Coach Morgan Wooten’s Summer Basketball Workout Sheet (an excerpt)

Source: Where’d You Get Those? New York City’s Sneaker Culture: 1960-1987

By: Bobbito Garcia

We’ve spoken about practice here before.

I love how Bobbito not only kept his off season workout sheet (written by coaching legend Morgan Wooten) into adulthood, but also published it in his book – Where’d You’d Get Those?

Coach Wooten’s off-season workout regimen is a reminder of the importance of practice. Remove the word “basketball” if needed and replace it with painting, forklifting, clarineting, YouTubing…

Whatever skill or hobby you’re wanting to improve at, creating a specific practice routine will help accelerate your progress.

Basketball is a game in which you either get better or you get worse. It has become so highly competitive that in order to perform to the best of your ability at all times, you must work to improve constantly. The summer is the time when a player can work on individual fundamentals that make him a better player.

Coach Morgan Wooten
1. BALL HANDLING (15 minutes)
   A. Pound the ball both hands
   B. Finger tip drills
   C. Pass ball around your mid section
   D. Single leg circle - both legs
   E. Around legs and body both ways
   F. Figure 8 both ways
   G. Figure 8 and drop both ways
   H. Crab run both ways
   I. Side catch
   J. Front catch
   K. Spin ball on finger

Street football spawns legends. Arnold Muhren is proof.

The Muhrens – like all the Dutch greats of their era – learned their football in the streets. Arnold: ‘My brother played with his friends, and when I was five or six I started joining in. I started off in goal but I could never stay there; I was always running all over the place and eventually they said I could play with them. We weren’t exceptional. Everybody could play football at a very high level. At the time there was little else to do but play football. If you couldn’t play football, bad luck: you had to go in goal. We played everyday. If it was raining, we played in the bedroom. At school we played football between lessons. When school finished, we played on the street again; there was no traffic. We played with anything as long as it was round – rolled-up papers tied with string, anything. Some people’s parents had money and could get hold of a proper ball, but mostly it was tennis balls. You develop great technique like that. The ground was so hard, so you didn’t want to fall because it hurt; so you have good balance. And the game was very quick because the hard ground makes the game quicker. No one ever told us how to play. It was all natural.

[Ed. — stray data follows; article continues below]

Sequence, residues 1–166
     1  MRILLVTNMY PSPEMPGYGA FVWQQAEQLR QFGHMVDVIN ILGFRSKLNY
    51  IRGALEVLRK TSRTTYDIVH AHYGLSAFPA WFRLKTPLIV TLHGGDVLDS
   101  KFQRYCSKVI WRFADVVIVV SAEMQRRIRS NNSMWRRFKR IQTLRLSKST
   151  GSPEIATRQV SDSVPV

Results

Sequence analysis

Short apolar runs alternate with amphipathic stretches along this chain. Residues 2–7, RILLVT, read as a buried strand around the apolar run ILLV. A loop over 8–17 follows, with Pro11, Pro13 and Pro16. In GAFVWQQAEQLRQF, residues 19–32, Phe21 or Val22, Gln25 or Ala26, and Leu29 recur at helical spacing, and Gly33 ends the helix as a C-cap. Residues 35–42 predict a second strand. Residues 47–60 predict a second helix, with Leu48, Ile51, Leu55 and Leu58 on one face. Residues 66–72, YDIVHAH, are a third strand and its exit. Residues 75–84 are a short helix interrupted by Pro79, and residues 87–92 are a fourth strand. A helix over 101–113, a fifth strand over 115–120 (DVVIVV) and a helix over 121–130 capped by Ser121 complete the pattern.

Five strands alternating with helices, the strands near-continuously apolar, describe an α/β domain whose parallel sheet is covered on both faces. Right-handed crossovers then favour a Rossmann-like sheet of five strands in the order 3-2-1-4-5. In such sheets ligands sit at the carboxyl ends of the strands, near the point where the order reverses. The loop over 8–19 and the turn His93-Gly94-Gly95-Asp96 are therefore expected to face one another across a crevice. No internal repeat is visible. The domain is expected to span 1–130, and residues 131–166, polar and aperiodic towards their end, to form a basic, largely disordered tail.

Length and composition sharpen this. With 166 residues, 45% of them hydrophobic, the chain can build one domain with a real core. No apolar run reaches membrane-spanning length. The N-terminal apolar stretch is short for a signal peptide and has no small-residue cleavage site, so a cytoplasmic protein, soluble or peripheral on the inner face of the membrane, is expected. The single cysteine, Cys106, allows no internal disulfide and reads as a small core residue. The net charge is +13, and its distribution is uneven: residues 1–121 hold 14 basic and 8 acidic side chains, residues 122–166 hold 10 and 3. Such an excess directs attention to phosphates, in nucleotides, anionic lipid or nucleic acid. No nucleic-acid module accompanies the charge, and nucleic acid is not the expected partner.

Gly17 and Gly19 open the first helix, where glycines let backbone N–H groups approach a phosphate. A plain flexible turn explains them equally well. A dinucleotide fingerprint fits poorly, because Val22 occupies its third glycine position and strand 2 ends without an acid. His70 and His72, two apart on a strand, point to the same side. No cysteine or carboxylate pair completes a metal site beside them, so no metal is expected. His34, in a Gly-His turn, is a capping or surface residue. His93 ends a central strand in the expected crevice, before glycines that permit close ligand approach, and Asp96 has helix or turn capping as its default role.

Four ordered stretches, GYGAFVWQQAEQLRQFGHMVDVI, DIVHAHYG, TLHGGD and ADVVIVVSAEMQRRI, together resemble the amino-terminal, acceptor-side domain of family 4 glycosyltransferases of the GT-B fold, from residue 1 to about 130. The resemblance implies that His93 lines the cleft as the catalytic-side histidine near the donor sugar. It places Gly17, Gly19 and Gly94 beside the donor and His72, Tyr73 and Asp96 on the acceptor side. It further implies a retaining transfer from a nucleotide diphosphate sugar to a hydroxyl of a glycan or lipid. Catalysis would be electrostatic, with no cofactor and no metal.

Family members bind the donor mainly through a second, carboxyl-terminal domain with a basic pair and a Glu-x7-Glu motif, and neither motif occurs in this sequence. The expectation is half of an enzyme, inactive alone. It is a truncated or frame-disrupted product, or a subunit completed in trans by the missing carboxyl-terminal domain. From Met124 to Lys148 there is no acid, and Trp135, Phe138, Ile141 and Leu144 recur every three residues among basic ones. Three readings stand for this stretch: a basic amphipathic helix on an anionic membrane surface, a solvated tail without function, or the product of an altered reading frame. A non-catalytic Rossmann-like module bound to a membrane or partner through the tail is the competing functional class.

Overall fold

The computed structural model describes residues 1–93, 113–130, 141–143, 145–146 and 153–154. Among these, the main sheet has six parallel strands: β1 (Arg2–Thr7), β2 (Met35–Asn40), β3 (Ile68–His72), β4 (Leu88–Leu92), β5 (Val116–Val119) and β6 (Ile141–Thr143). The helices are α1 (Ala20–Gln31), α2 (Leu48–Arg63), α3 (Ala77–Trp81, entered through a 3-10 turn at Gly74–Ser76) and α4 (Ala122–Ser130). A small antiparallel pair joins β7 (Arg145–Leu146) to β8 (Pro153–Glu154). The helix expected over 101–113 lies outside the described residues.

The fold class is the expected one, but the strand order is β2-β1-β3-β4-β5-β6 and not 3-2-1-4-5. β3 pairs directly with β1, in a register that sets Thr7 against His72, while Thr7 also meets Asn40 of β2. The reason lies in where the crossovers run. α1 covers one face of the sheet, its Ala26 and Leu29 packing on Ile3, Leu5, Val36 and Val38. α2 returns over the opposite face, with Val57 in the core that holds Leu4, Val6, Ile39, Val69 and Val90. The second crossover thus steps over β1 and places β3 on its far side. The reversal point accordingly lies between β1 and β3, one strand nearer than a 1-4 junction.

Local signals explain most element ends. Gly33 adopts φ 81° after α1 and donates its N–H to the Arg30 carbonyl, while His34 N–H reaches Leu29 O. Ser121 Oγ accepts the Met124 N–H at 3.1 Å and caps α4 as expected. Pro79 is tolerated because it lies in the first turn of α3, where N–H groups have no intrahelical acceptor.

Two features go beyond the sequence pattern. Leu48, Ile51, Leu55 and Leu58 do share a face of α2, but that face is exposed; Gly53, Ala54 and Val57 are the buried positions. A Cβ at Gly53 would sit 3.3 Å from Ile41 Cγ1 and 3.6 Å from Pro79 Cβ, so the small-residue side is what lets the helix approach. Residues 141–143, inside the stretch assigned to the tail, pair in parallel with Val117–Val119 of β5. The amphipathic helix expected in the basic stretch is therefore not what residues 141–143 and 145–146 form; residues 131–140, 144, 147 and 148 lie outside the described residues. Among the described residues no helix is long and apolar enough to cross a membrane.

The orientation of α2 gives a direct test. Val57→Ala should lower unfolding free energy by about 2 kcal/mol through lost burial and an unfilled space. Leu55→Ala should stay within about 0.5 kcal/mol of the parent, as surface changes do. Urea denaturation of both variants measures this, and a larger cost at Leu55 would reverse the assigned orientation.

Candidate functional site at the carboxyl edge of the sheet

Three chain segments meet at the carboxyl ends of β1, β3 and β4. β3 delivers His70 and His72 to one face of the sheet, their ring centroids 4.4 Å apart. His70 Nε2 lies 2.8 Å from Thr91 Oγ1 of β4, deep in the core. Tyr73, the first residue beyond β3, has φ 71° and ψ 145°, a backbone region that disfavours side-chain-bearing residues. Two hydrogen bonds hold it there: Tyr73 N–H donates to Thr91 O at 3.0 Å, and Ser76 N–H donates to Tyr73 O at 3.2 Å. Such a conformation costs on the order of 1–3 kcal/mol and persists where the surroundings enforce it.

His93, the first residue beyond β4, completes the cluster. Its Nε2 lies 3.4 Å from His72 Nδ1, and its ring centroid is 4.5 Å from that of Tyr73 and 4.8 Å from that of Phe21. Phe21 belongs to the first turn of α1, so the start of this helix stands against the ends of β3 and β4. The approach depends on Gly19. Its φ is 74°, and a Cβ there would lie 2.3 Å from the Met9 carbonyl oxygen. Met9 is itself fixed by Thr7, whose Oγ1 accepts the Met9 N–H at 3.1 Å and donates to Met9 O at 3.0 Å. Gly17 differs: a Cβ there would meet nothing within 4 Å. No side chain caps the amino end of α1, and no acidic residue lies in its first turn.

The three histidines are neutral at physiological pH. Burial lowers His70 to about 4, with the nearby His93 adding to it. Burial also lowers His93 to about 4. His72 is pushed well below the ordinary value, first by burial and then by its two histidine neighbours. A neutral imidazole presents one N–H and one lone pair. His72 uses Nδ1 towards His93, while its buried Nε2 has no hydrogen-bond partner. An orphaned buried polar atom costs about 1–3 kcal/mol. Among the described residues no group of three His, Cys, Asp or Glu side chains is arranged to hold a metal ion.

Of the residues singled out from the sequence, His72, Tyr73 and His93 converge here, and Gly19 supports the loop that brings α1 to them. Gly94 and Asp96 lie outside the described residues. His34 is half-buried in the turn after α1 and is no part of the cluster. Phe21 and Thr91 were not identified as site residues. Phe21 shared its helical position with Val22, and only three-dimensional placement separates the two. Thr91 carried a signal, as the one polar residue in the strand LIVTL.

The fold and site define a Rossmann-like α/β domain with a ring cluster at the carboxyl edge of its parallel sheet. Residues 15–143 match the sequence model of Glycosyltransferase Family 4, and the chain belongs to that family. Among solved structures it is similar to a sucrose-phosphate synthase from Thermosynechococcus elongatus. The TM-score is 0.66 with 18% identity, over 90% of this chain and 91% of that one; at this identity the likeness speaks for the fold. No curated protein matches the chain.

Arnold Muhren as quoted in David Winners book: Brilliant Orange.

The streets made us…

The street football environment Muhren describes, reminds me of the pick-up basketball games of my childhood.

We’d play all day long in the summers, adapting the standard game of full court 5 on 5, into various micro-games.

If there was three of us, we’d play 21. An every man/woman for themselves, winner takes all mini tournament. The goal being to score 21 points, without going over, through a combination of three pointers, two pointers and free throws.

It’s basketball blackjack.

If there was only two of us we’d play HORSE.

HORSE is a shot matching game. The first player calls his shot and the opponent has to match it exactly – off the backboard, nothing but net, left hand only, etc.

If your opponent misses the shot you call, they receive a letter. The first player to receive enough letters to spell out HORSE is the loser.

And if we got bored of all of that…we’d lower the hoop to 6 feet and have a dunk contest.

Not sure it made us better players, but it was fun as hell.